The ocean breathes so we can, too

Marine organisms, especially photosynthetic phytoplankton and algae, are responsible for more than half of our atmospheric oxygen, according to the US National Oceanic and Atmospheric Administration.
Marine organisms, especially photosynthetic phytoplankton and algae, are responsible for more than half of our atmospheric oxygen, according to the US National Oceanic and Atmospheric Administration.PHOTO: REUTERS

Q How much of the oxygen that we breathe is generated by marine life, rather than by terrestrial vegetation?

A Marine organisms, especially photosynthetic phytoplankton and algae, are responsible for more than half of our atmospheric oxygen, according to the National Oceanic and Atmospheric Administration in the United States.

It was the buildup of atmospheric oxygen produced by marine life such as primitive cyanobacteria that made life possible for terrestrial animals, most scientists believe.

The atmosphere (and oceans as well) remained mostly oxygen-starved for almost 90 per cent of earth's history, according to a 2014 review article in the journal Nature.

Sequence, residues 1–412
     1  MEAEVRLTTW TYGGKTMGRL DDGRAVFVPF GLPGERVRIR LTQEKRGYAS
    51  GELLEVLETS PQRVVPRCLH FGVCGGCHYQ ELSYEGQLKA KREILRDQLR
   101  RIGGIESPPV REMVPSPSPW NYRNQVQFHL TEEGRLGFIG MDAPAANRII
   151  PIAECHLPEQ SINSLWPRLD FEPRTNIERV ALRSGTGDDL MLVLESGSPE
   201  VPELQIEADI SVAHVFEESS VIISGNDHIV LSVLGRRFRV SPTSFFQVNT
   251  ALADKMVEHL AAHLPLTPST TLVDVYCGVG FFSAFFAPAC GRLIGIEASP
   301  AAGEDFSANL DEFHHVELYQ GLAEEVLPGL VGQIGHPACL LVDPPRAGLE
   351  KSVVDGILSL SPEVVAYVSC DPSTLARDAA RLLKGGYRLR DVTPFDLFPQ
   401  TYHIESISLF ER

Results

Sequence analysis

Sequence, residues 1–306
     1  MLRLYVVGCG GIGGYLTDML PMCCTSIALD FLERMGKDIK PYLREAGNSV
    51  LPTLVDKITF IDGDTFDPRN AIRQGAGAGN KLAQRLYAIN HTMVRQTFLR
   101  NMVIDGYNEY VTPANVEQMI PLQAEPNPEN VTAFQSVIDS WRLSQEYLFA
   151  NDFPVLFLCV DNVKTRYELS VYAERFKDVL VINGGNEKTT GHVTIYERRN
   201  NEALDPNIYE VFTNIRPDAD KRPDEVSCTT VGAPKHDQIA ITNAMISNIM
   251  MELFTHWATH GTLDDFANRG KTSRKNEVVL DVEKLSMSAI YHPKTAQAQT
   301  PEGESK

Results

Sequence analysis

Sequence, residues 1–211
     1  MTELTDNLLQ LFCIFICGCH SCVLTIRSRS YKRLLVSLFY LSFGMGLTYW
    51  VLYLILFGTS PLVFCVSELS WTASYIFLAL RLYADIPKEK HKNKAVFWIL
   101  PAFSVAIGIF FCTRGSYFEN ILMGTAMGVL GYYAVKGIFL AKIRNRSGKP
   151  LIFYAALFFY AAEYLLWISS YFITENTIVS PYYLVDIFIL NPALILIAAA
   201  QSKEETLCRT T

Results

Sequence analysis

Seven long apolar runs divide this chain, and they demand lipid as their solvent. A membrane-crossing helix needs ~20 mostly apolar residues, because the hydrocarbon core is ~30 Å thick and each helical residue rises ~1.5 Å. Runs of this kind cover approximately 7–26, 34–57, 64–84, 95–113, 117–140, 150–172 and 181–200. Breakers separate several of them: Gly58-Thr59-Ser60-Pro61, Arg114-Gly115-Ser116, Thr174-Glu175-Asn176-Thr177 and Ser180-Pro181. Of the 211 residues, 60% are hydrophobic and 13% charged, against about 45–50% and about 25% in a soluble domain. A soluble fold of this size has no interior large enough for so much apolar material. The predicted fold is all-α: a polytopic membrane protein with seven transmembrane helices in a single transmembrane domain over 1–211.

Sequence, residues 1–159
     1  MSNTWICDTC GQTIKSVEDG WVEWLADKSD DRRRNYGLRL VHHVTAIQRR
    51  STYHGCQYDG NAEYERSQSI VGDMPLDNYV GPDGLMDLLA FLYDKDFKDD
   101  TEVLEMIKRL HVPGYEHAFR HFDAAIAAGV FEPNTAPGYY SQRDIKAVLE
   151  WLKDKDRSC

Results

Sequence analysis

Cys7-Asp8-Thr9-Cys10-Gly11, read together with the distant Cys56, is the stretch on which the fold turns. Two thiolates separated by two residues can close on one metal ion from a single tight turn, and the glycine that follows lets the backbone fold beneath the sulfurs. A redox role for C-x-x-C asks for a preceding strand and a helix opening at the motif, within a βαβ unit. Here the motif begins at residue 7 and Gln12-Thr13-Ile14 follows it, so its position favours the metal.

Less than one million years ago, a series of chemical and biological changes culminated in an increase in the percentage of oxygen in the atmosphere to today's 21 per cent from a longtime level of about 5 per cent.

Humans require a minimum concentration of about 19.5 per cent.

NYTIMES

The atmosphere (and oceans as well) remained mostly oxygen-starved for almost 90 per cent of earth's history, according to a 2014 review article in the journal Nature.

A version of this article appeared in the print edition of The Straits Times on March 01, 2018, with the headline 'The ocean breathes so we can, too'. Print Edition | Subscribe